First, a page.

Ireland requests replay of FIFA World Cup play-off with France

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Friday, November 20, 2009

FIFA - For the good of the game

The Football Association of Ireland (FAI), Irish Minister for Sport, Taoiseach and Facebook social network groups are requesting a replay of the controversial FIFA World Cup play-off between Ireland and France in the interests of Fair Play. The FAI lodged an appeal with FIFA and also contacted the French Football Federation (FFF), it appears FAI hopes FFF may agree that a replay is fair play. Both captians, Thierry Henry and Robbie Keane, have called for a replay.

The Irish supporters, who in the past have won the FIFA Fair Play Award, are angry after a blatant double handball by Thierry Henry enabled France to score the extra-time goal that cost Ireland entry to next year’s FIFA World Cup finals in South Africa. Most Irish anger has been directed at FIFA, although French captain Thierry Henry has admitted handling the ball.

FAI has argued that there is a strong precedent; in 2005 where FIFA invalidated the result of a FIFA World Cup qualification match between Uzbekistan and Bahrain on the basis of a technical error by the match referee. However, Law 5 of the Laws of the Game state that: "The decisions of the referee regarding facts connected with play, including whether or not a goal is scored and the result of the match, are final." and a source at Fifa headquarters in Switzerland said that “there is no way the game can be replayed”. The generic concept of fair play is a fundamental part of the game of football and the Fair Play Campaign was conceived largely as an indirect result of the 1986 FIFA World Cup in Mexico, when the handball goal by Diego Maradona.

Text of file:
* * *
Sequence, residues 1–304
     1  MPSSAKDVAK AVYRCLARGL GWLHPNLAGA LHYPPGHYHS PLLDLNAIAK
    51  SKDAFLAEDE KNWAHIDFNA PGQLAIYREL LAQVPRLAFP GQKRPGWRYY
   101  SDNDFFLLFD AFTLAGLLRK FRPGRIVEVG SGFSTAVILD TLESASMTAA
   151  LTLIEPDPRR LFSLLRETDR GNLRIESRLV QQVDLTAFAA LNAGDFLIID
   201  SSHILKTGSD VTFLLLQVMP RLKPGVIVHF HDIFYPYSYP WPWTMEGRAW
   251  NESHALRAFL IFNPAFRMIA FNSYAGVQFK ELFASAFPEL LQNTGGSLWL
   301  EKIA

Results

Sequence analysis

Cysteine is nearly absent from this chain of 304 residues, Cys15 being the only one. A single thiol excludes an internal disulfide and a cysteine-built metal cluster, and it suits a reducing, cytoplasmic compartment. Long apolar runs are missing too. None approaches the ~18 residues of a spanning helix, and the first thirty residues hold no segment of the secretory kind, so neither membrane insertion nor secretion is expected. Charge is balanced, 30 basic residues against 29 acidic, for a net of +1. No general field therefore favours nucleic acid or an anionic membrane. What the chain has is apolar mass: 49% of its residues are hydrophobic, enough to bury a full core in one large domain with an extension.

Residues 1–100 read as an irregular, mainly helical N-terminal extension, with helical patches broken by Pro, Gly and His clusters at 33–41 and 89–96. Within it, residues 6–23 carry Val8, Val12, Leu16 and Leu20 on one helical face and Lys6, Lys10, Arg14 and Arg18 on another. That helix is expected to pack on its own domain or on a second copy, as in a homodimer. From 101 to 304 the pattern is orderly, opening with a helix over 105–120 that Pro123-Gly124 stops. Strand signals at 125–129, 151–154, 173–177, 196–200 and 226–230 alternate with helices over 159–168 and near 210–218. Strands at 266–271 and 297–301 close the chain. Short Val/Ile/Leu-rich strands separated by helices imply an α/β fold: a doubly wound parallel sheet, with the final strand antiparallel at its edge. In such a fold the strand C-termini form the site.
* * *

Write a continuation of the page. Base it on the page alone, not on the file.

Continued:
The referee Martin Hansson and (referee's assistants) Stefan Wittberg and Fredrik Nilsson were unable to see the incident but didn't ask Thierry Henry if he handled the ball. Its hoped the mistake won't cost the Swedish referee's a place in South Africa. FIFA's Fair play policy is playing by the rules, using common sense and respecting fellow players, referees, opponents and fans. The French union representing the nation’s gym teachers declared outrage at what it called “indisputable cheating.”

Minister for Sport Martin Cullen wrote to FIFA president Sepp Blatter urging him to call a rematch in the interests of fair play. Taoiseach Brian Cowen raised the issue with French president Nicolas Sarkozy on the fringes of last night’s EU summit. French Prime minister François Fillon said “neither the French government nor the Irish Government should interfere in the functioning of the international federation”.


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